Additionally, how many meals and/or drinks would they serve per day on average?
Western and central Europe only, middle to late middle ages only. That is still half a millennium and a lot of different places, so the answer is generic.
There were small taverns, there were large taverns, there were small inns, there were large inns. Some had a few dozen customers per day, some had hundreds.
Reverly at an inn by Jan Steen, second half of the 17th century. Post-medieval, and set in the great hall of an inn instead of a tavern, but close enough.
In the western world, taverns and inns would sell a lot of ale (= sort of beer) and wine; even a not-very-large tavern would expect to sell tens of gallons (at least a hundred liters) of ale or wine per day; a large tavern could go through several barrels of ale or wine in a day. Medieval taverns did not sell wine by the "drink", by rather by the jug, which would be one or two liters in modern units; beer was sold by the tankard, between half a liter (one pint) and a liter (two pints).
Note that in wine-producing countries beer was not drunk during the Middle Ages; on the other hand, wine was imported in large quantities in England and other such not-wine-producing lands.
It is hard to get a correct idea of the prices, because most prices were in silver, and the price of silver crashed after the discovery of the New World. (The western and central European Christian nations did not have any functional gold currency in the Middle Ages; only the shrinking Roman Empire and the Islamic world did.) To form an idea, a gallon (4 liters) of wine could be about 4 to 6 grams of silver (1/8 to 1/5 oz), which would be about 3 to 4 dollars or euros in 2023 money; beer was less than half that, but beer was not popular at all in places where wine grapes grow. (Keep in mind that silver was much more valuable in the Middle Ages, so a better approximation would be maybe 9 to 12 dollars.)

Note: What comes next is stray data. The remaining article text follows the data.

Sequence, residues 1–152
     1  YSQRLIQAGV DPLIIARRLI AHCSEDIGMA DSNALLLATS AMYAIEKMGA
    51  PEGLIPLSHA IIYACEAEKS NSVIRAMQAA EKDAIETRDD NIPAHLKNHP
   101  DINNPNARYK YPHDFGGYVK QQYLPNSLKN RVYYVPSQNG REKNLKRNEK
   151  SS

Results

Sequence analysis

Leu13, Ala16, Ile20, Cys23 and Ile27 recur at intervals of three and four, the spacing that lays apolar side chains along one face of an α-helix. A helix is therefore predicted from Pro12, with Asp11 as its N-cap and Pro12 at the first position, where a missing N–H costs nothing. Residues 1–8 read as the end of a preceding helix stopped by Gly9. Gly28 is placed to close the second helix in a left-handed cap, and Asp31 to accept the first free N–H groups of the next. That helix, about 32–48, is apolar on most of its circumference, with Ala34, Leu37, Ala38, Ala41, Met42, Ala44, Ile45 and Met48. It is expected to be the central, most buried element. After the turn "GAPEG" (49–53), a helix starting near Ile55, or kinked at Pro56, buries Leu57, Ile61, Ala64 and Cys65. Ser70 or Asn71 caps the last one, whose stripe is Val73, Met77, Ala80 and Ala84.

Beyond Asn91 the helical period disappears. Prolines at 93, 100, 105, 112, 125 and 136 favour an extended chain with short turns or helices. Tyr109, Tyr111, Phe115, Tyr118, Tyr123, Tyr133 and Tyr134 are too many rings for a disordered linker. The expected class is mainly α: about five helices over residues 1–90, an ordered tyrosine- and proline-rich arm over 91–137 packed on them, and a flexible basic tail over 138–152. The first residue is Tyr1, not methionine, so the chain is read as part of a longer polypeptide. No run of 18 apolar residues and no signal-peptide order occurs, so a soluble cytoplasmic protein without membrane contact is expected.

While taverns did sell food, it was not their main business. (But remember that beer was food in the Middle Agesl; a person could drink a gallon, or 4 liters, of ale per day.) The food sold at taverns was mostly bread and cheese, with the occasional roasted meat. People who did not eat at home bought food from street vendors. Inns did sell food as a main business, mostly for the people lodged there.
In the Islamic world inns did not sell alcoholic beverages. I don't even think they had taverns comparable to the western world; they did have inns, and the inns did sell food.
Kenneth Hodges's Medieval price list.
Medieval prices and wages at Datawrapper.
Prices and costs in Anglo-Saxon England and the Viking Age at Regia Anglorum.
Medieval inns and taverns at the Lost Kingdom.
And, of course, Ian Mortimer's The Time Traveler's Guide to Medieval England: A Handbook for Visitors to the Fourteenth Century; the link goes to Amazon. A brief extract with a list of prices is availalble at Historia Extra.